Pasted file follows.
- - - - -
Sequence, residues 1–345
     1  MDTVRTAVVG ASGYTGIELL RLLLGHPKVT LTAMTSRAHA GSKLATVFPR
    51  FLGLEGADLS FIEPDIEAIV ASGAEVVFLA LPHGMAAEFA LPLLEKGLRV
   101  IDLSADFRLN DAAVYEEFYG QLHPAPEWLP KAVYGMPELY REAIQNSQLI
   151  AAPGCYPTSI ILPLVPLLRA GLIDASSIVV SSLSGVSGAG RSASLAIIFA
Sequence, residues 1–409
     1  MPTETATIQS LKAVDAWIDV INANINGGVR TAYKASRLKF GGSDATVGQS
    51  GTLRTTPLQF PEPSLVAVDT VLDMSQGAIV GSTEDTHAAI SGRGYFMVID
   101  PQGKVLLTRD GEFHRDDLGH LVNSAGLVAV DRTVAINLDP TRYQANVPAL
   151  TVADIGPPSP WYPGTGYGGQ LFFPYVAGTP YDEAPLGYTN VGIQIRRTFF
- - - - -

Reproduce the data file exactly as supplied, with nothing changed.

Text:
Sequence, residues 1–345
     1  MDTVRTAVVG ASGYTGIELL RLLLGHPKVT LTAMTSRAHA GSKLATVFPR
    51  FLGLEGADLS FIEPDIEAIV ASGAEVVFLA LPHGMAAEFA LPLLEKGLRV
   101  IDLSADFRLN DAAVYEEFYG QLHPAPEWLP KAVYGMPELY REAIQNSQLI
   151  AAPGCYPTSI ILPLVPLLRA GLIDASSIVV SSLSGVSGAG RSASLAIIFA
Sequence, residues 1–409
     1  MPTETATIQS LKAVDAWIDV INANINGGVR TAYKASRLKF GGSDATVGQS
    51  GTLRTTPLQF PEPSLVAVDT VLDMSQGAIV GSTEDTHAAI SGRGYFMVID
   101  PQGKVLLTRD GEFHRDDLGH LVNSAGLVAV DRTVAINLDP TRYQANVPAL
   151  TVADIGPPSP WYPGTGYGGQ LFFPYVAGTP YDEAPLGYTN VGIQIRRTFF